10 Tips for Saving Time at Thrift Stores

Thrifting is for the adventurous, the off-beat, and — for the most part — the unhurried.

But when you shop resale, you’re potentially saving garments from joining the 85 percent of clothing that ends up in landfills. The thrill of the hunt is spreading to more shoppers each year. Some people thrift to find vintage, unique threads, and others are searching for high-end brands they couldn’t otherwise afford. Online resaler thredUP compiled surveys and industry data to find that around 40 percent of millennials thrifted last year, and the resale market is expected to double from 2017 to 2022.

If you’re new to the idea, thrifting can seem overwhelming. Flea markets, consignment shops, secondhand stores, and antique shops all require a unique strategy to get the best deals, but some cardinal rules can help you cut through the clutter and score your treasures in less time.

Thrift Seasonally

Collection of coats on a rack.
(Photo by View Apart, Shutterstock)

When it comes to secondhand stores, the inventory is driven by donations. If you visit stores in the spring and summer — when people tend to clear out their unused possessions — you might have a better chance at finding your holy grail of vintage kitsch. In college towns, thrift stores are loaded up with unwanted appliances and furniture at the end of each semester.

Shop by Locale

Just as the characteristics of neighborhoods differ, so will the contents of their thrift stores. For high-end electronics and brands, shop at stores in wealthier areas. If you’re looking for trendy surprises, go to an artsy district.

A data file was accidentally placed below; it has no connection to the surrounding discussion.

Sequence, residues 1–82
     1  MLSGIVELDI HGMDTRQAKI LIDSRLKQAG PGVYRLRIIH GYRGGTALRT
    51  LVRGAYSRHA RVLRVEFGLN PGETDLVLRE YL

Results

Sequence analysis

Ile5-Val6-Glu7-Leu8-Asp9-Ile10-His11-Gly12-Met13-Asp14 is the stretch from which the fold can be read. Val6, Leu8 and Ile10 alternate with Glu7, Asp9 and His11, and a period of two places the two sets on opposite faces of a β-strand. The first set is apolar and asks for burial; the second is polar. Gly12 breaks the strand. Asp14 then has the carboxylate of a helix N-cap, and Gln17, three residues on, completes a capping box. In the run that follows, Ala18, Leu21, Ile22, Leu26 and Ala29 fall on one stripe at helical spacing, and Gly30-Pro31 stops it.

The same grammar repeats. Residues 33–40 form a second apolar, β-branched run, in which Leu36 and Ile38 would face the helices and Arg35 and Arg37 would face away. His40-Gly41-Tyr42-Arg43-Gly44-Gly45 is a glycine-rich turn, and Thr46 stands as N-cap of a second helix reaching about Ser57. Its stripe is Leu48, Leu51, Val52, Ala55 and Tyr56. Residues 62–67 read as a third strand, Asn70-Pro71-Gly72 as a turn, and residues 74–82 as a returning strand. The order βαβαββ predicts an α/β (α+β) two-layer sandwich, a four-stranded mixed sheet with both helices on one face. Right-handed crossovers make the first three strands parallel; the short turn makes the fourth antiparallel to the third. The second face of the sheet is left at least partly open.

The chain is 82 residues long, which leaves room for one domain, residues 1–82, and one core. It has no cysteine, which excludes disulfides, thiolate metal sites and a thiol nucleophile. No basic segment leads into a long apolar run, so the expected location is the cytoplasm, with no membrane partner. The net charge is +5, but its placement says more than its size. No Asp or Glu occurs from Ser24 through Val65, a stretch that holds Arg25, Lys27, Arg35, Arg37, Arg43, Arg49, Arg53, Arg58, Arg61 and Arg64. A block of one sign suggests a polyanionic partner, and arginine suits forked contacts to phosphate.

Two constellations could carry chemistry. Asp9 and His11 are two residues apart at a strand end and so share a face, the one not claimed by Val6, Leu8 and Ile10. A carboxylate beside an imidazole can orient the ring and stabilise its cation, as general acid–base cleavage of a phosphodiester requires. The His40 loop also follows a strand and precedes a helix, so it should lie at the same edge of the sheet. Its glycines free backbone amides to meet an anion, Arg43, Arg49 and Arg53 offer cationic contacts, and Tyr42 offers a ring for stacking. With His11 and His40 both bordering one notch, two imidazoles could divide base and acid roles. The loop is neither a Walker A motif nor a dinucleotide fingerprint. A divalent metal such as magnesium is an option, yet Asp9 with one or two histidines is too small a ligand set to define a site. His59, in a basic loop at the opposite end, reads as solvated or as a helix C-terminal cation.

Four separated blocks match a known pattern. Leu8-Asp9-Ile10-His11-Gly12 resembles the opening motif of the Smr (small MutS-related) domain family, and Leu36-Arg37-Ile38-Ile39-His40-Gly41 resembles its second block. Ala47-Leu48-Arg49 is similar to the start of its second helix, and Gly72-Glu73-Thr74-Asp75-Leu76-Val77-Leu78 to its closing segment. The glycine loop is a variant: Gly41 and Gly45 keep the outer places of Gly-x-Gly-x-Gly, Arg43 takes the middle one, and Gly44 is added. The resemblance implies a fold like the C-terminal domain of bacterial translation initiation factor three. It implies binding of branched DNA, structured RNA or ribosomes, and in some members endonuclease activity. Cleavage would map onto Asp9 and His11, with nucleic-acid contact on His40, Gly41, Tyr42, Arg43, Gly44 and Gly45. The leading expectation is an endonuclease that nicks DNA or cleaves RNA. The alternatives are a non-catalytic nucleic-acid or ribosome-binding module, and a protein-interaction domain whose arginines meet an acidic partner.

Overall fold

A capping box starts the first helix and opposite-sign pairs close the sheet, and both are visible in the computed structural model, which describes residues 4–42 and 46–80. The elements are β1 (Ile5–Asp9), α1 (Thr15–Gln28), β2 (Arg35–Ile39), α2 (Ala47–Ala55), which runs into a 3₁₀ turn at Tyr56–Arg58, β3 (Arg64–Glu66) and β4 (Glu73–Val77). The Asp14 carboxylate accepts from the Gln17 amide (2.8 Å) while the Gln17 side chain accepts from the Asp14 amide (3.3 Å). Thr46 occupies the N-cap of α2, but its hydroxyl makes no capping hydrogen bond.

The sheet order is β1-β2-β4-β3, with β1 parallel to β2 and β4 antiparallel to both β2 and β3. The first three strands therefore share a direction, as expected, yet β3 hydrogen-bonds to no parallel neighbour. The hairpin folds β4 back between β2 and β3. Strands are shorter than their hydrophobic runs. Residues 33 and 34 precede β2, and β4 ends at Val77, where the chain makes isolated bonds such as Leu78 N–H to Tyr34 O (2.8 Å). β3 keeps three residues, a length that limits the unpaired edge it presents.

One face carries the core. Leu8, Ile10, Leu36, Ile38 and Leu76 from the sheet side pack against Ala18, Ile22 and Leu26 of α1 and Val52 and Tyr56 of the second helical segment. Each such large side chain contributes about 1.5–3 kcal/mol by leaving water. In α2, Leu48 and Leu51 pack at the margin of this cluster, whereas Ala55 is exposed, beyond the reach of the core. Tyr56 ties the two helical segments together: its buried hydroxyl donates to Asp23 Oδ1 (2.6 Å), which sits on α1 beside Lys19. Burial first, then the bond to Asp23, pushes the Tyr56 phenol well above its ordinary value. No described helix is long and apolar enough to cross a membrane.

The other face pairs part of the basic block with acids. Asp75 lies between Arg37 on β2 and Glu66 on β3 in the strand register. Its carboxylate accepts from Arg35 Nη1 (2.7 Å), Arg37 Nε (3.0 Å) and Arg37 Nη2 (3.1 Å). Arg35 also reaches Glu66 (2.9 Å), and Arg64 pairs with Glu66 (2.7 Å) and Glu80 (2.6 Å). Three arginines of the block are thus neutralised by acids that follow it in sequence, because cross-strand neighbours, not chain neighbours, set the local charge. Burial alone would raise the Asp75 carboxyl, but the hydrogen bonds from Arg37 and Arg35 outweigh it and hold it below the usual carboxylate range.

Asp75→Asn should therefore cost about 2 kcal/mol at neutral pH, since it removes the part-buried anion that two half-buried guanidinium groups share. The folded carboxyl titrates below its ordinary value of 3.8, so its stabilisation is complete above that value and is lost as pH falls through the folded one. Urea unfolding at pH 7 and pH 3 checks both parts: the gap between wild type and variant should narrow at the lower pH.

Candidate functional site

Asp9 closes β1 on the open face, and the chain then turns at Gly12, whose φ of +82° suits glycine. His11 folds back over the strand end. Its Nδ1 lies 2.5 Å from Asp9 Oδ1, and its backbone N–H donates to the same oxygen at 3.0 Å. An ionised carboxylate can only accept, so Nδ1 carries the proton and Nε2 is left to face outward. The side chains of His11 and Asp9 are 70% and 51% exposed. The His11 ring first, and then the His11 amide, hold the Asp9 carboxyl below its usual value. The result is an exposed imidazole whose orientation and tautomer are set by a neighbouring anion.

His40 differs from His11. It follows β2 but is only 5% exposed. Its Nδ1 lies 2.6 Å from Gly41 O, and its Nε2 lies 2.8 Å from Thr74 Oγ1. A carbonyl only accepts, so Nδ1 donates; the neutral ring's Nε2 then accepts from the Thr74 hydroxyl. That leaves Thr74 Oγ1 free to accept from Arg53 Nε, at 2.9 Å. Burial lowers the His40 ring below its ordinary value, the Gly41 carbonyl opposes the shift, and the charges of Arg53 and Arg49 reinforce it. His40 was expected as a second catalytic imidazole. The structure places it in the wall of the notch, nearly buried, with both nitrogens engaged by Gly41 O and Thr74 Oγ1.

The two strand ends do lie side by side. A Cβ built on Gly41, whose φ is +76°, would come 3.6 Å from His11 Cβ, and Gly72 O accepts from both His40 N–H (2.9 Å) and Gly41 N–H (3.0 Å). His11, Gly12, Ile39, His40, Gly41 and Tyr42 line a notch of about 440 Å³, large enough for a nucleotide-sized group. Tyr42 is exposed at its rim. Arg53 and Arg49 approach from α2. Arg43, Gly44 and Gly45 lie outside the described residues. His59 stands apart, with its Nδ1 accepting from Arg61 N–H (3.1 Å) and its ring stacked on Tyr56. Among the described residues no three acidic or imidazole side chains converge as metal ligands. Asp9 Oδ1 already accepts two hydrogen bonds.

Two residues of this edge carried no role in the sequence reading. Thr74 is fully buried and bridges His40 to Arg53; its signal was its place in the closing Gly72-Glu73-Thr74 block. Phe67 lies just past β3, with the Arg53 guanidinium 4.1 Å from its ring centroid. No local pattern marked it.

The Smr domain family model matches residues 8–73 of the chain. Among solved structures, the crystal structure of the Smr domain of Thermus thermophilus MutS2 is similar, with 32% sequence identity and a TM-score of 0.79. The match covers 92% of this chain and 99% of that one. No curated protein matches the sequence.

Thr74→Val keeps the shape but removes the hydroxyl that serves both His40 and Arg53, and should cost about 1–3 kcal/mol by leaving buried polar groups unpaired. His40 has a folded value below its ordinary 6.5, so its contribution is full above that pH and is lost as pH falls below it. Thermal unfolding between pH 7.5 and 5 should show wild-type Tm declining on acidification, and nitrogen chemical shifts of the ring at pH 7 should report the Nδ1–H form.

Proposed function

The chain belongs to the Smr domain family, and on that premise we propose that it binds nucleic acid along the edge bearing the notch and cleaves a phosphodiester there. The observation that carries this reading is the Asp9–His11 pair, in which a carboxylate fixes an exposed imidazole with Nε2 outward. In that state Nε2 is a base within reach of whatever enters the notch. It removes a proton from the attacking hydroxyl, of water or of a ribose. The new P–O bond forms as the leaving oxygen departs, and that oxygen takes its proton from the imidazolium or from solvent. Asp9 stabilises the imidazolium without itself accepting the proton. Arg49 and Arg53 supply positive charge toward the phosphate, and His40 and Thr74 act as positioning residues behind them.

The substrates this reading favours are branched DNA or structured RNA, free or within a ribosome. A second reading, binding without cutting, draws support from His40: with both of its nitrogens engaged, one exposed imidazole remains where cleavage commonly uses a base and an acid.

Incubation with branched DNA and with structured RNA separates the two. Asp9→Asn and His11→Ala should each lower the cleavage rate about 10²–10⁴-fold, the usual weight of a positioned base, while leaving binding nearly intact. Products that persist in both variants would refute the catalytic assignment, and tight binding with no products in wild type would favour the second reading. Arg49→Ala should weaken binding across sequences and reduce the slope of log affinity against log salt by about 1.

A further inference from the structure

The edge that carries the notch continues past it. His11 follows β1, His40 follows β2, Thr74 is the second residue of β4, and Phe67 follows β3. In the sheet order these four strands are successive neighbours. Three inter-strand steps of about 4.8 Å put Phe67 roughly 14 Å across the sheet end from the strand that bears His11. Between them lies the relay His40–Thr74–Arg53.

Browse Often

Resale inventory changes quickly, so your chances of landing a sweet deal are better if you stop in every once in a while. It could take weeks or months, but finding your dream dresser or a tags-on linen jacket will make it all worth it.

Thrift through the Week

Since stores get a bulk of their donations over the weekend, the perfect time for shopping is usually Tuesday through Thursday. At this point, they’ve had a chance to process their inventory, and the next weekend rush hasn’t yet come to pick over the good stuff.

Have a Plan

Collection of thrift items in a store.
(Photo by Thor on Flickr)

Getting sucked into the unexpected wonders of Goodwill is easy, but you’re going to need a strategy if you don’t want to waste your entire afternoon. The sheer volume of the store might be too much to take in at once, so focus on shoes or jeans if that’s what you need. Look at shirts and pants a size below and above your own, since sizes can fluctuate for older clothing and different brands. Most veteran thrifters place everything that’s a “maybe” in their cart and discard everything they don’t absolutely need at the end.

Check Clothes

Remember that you’re often dealing with previously worn clothing. That means it could have rips and stains that aren’t apparent at first glance. Before you fall in love with that Rag & Bone dress, check it inside and out for any non-negotiable damage.

Bring a Tape Measure

Measure twice, and buy once. Make sure you know the dimensions of the space you’re trying to fill so you can quickly decipher whether a piece of furniture is going to work. It should go without saying that you’ll need the proper transportation.

Test Electronics

If it has a cord, plug it in to make sure it works.

Keep Track of Discounts and Sales

Follow your favorite stores on social media or join their mailing list to stay up-to-date on weekly specials. Military discounts, senior discounts, and other sales can turn a regular bargain into a spectacular buy.

To Buy or Not to Buy

A collection of stuffed animals with a no symbol superimposed over them.
(Stefan Malloch, Shutterstock)

Buy: Ties, frames, solid wood furniture, vinyl, books, shoes, baskets, t-shirts, vases, baby clothes

Avoid: undergarments, swimwear, pillows, stuffed animals.